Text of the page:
Good Luck,

Jesse said...

I read a really thought provoking and compassionate thing about bingeing today and was reminded of you, thought you might like to see it (if you don't already follow Sui's work)...
http://networkedblogs.com/oGruE

Lyn said...

I will definitely check out Lyle McDonald, Dr Fuhrman, and Sui... thanks guys.

lisa~sunshine~

you have some good points there. I have heard plenty of folks who are on Medifast say they worry about all the "junk food" options like puffs, bars, ice cream, brownies and how we can go back to a whole foods diet if we get used to eating this stuff. And some people do eat 2 Medifast foods per day even in maintenance. I have thought about that myself, and
I like how easy it is to eat on Medifast (tastes pretty good and is stuff I like and am used to) but then I would be better off maybe making something like a whole grain/zucchini brownie in maintenance. Not sure. And I have seen some people use grocery store options instead of Medifast meals too. Sometimes I sub nonfat Greek yogurt for a Medifast meal and that works pretty well. Thanks for your thoughts, it is a lot to figure out. Sometimes I think I am just making it more complicated than it has to be! I am an overthinker!

Lyn said...

p.s...Kristi~

I really miss beans and legumes more than any other food on a low carb diet. I will probably base a lot of my meals around those when I start adding them back to my intake.

Lisa said...

Lyn - the thoughts you described go on with 97% of the dieting population so I hope you are not beating yourself up for it etc. We ALL fight those fights everyday and most of us lose more times than not. Hang in there and keep pushing forward!

Andra said...

Everyone who reads this blog NEEDS to get their hands on the Mood Cure and the Diet Cure by Julia Ross. The amino acids protocol has changed my life and the way I think about food and my behavior with food.

The cravings are gone, the anxiety and depression is gone, and while I still take pleasure in watching Cooking Channel and reading recipes, the obsession and NEED TO EAT IT ALL is gone.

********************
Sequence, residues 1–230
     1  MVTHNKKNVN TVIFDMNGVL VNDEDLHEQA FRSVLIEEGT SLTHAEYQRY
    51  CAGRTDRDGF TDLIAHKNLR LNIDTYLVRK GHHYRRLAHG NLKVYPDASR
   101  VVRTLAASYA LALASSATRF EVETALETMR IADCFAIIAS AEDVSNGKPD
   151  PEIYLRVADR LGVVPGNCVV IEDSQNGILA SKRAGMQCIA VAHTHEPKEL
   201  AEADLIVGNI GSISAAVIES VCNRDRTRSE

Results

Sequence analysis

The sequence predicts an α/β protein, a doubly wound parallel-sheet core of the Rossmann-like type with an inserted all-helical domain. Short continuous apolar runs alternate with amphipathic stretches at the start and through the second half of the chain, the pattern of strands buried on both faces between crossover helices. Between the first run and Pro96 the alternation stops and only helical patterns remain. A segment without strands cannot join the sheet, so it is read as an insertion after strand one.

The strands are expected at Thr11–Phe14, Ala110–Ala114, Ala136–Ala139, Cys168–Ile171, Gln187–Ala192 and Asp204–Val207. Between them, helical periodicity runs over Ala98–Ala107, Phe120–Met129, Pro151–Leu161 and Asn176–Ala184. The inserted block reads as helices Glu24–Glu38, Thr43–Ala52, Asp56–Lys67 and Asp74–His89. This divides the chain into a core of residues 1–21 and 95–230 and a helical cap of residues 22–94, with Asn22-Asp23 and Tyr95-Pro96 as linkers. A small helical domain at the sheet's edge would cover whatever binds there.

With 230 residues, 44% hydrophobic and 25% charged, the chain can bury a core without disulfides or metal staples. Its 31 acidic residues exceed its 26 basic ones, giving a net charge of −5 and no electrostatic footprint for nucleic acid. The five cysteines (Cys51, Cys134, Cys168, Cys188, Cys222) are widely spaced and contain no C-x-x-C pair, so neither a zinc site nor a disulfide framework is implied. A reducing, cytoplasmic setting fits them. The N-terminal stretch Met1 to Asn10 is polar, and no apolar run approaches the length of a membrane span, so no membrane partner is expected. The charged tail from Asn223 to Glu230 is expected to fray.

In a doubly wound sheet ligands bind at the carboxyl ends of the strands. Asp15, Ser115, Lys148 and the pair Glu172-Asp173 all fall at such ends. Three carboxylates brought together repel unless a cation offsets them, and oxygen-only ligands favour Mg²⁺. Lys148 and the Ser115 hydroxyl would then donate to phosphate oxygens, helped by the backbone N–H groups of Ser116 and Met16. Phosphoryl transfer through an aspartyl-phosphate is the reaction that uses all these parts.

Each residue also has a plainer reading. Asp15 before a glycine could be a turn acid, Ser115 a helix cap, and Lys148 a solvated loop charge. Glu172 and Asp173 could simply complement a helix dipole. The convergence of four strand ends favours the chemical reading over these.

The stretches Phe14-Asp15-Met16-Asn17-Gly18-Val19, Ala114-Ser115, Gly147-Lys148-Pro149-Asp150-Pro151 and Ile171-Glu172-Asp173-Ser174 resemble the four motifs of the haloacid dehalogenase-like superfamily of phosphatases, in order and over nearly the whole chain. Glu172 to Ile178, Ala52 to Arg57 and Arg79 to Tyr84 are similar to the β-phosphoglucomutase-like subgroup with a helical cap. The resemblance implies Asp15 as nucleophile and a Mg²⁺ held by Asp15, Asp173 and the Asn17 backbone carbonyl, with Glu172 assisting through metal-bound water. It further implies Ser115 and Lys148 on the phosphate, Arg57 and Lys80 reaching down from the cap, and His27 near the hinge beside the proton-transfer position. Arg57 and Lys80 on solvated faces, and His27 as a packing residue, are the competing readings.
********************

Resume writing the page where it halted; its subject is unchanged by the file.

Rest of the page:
When the brain chemicals are in balance, life is a cake walk without needing cake! I feel calm, satisfied and happy with feeding my body nutrition. It has broken my wine, coffee, sugar, wheat and chocolate habit in one fell swoop.

Lori said...

Me too!
Lori

Bonnie said...

Just a thought, might food be an allegory for something else? Do you feel restricted from doing something else (other than eat) that you want to do in life? And the Medifast is just a symbol of accepting the restrictions on doing what you really want to do in life?

Lyn said...

Bonnie~

absolutely! You're very insightful. I do firmly believe that the whole eating disorder/food issues is tied to two specific, difficult circumstances in my life that I've been dealing with. I haven't blogged about them, but I am working very hard on tackling these tough emotional issues. Yes, I definitely feel restricted from certain things (not eating related), and I think that plays mentally into my eating way more than I'd like to believe.

Dinahsoar said...

There will be days when you crave junk and there will be days when you crave healthier foods.

No food should be off limits.

What must always be limited is the daily total intake--i.e. what you intake foodwise for the day.

If the total for the day is all cake, so be it. Or maybe it is a bunch of different foods that you were craving. Fine. Just as long as you limit the total amount for the day.

That is the trick/key to having your cake and eating it too.

Naturally thin people do this naturally.

The rest of us have to learn this and put it into practice.

Anonymous said...

I really have to question whether a whole grain brownie made with zucchini is a good idea even in after you've lost the weight. I suspect you won't know if that spikes you until you buy a blood glucose meter and test it. My guess is the spike is too much to be preferable to the medifast brownie. I would guess after losing the weight, you would do best with some of the low-carb communities deserts and "breads". Flax seed meal "bread" allows me to eat a sandwich with minimal change in blood sugar. As much as you enjoy baking, I think you would do well to investigate some of those options. :) (A great recipe for the "bread" can be found at http://lowcarbdiets.about.com/od/breads/r/flaxbasicfoc.htm )

You MUST make sure you are using FRESH flaxseal or the bread will taste "off".